Greater Harrisburg's Community Magazine

In Transit: PennDOT unveils concepts for Market Street corridor.


This PennDOT concept shows how Market and Cameron streets could look after improvements.

Ever since Adam Meinstein purchased Harrisburg’s old central post office in 2011, there hasn’t been much good news for him in the immediate neighborhood.

Businesses have come and gone (mostly gone) east of the underpass along Market Street, and several large, old buildings have remained empty and increasingly blighted.

His first real glimmer of hope arrived today thanks to PennDOT, which unveiled conceptual designs that included a flood-controlled Paxton Creek, a beautifully redesigned and landscaped Market Street and the possible relocation of the bus transfer station to the area.

“When I acquired the property, these are the things I was hoping for over the long term to see,” he said.

PennDOT shared the concepts with the public at the transportation center, the result of a three-month process that began with “Visioning Week” in September, when members of the public weighed in on what types of transit-oriented development they’d like to see in the rundown area just east of the station.

Angela Watson, PennDOT’s director of the Office of Multimodal Planning, explained that the concepts unveiled today were of three types: for the transportation center itself, for Paxton Creek and for Market Street.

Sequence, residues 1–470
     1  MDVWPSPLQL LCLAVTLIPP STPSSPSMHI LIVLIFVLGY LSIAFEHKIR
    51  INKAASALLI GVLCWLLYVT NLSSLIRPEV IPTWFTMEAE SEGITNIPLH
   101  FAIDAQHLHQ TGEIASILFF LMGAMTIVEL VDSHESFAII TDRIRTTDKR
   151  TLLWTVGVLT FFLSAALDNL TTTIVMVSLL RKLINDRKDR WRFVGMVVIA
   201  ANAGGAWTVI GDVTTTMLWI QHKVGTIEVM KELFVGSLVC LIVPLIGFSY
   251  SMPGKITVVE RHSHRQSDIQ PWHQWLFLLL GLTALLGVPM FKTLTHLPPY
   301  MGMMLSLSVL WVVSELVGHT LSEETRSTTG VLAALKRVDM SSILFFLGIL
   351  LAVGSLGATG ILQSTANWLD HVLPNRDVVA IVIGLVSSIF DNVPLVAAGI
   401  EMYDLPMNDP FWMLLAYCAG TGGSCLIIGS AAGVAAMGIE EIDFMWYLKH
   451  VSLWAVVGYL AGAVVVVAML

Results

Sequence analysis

The transportation center stands first in line for improvements, with $15 million already pledged to continue a years-long renewal of the station. The next phase, which will take place next year, will rehabilitate much of the interior, with updated design work followed shortly afterwards by the actual renovation work, she said.


An effort to control Paxton Creek is also underway, with a study to identify ways to lessen the flood risk due for completion in April. Flood mitigation is considered critical if the area is to be revitalized.

The other concepts involved improvements along Market Street. One concept showed a redesigned and vastly improved streetscape. Other concepts illustrated the possible relocation of the city’s bus transfer station to either the former post office or, across the street, to the site of the old Patriot-News building. Funding is not yet in place for this work.


Meinstein said that he appreciated the proposals for the future use of his property, which currently includes the vast Transitpark parking lot. So far, private businesses have not followed his lead by investing in the area, but he hopes that initiatives like this one will help make the area more attractive for companies and development.

“Now, we’ll have to see where it leads in terms of timing and future steps,” he said.

To learn more about PennDOT’s vision for the area around the Harrisburg Transportation Center, visit

Author: Lawrance Binda

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